More from the Hillsborough County School Board
If you like politics and fireworks, Thursday night's Hillsborough County School Board meeting was not to be missed.
Candidates for school board lined up to speak or, in the case of Henry Ballard, Jr. and Robert McElheny, sat quietly in the audience.
Fired bus driver "Captain Carl" Kosierowski, now running for Carol Kurdell's districtwide seat, delivered a somewhat emotional address. He said he had two words to the children who used to ride his bus: "I'm sorry." Although he contends he did not know it was against district policy to hand out campaign bookmarks on school grounds, he apologized for being a less-than-perfect role model and not being there to wish them a good summer.
To the people who hired and then fired him, he said he also had two words. Wait for it... wait for it .... "Thank you." He wished everyone good luck and Godspeed.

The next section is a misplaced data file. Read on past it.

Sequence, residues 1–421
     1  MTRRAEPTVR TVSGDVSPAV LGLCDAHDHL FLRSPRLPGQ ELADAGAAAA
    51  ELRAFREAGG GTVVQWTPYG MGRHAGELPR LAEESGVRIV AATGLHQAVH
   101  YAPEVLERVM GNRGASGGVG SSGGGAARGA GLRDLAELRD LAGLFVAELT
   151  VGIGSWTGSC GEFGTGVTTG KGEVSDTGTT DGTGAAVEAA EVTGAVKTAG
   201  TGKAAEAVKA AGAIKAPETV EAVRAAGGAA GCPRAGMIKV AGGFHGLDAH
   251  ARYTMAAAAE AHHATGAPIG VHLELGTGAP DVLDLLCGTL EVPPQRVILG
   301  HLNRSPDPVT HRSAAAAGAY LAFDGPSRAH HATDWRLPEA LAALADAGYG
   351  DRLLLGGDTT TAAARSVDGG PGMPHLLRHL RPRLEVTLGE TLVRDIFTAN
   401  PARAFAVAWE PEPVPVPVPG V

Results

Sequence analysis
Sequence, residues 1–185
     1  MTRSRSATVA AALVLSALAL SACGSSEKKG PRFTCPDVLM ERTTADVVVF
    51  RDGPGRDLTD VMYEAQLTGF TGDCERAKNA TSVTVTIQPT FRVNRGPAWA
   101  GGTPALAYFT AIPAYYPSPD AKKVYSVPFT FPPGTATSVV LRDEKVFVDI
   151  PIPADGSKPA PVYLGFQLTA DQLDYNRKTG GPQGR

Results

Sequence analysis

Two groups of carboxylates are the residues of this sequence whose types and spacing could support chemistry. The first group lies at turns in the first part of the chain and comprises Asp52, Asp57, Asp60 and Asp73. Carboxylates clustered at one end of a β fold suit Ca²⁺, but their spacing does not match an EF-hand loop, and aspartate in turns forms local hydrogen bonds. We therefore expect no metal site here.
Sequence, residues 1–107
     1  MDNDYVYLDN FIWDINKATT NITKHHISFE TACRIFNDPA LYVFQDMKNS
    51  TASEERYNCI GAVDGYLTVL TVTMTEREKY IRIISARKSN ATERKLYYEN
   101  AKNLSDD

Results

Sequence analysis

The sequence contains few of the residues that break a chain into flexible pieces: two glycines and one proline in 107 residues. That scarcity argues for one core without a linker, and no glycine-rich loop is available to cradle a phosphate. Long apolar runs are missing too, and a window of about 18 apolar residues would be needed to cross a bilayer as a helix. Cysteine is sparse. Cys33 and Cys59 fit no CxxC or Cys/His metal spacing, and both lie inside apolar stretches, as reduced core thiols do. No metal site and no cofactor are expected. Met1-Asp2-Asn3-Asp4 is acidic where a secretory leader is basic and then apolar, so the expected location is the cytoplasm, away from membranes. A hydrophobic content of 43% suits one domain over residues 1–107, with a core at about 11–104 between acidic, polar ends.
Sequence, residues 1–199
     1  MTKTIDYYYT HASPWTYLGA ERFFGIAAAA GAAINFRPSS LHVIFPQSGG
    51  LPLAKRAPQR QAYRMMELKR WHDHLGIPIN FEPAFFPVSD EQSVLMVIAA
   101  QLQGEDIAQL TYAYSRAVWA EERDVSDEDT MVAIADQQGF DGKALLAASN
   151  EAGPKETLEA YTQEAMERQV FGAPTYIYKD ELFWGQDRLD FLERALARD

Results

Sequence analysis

Not to be outdone, "Joe" Jordan-Robinson spoke about this week's announcement of a federal complaint by the Southern Poverty Law Center, which says African-American students are disciplined disproportionately in the public schools. Hillsborough County was not included.
Jordan-Robinson also suggested Gov. Rick Scott hire superintendent MaryEllen Elia as the next state education commissioner.
The discussion about parental notification of guest speakers capped things off. Tempers were short. Terry Kemple, also running against Kurdell and Kosierowski, did not like Susan Valdes' idea to give parents a heads-up about all speakers, not just the Council on American-Islamic Relations. CAIR executive director Hassan Shibly wasn't crazy about it either, although he was confident he could pass any vetting or security screening.
He wondered if it made sense to give parents veto power over their children's lessons. What about lessons on evolution? he wondered. "Passing such a policy demonstrates that we have no trust in our teachers and we believe our children are so foolish that they can be brainwashed by a 30 minute guest speaker," he said.
And Shibly might have been the only one to notice the irony of the date when the board will vote on the matter.
It's scheduled for Sept. 11.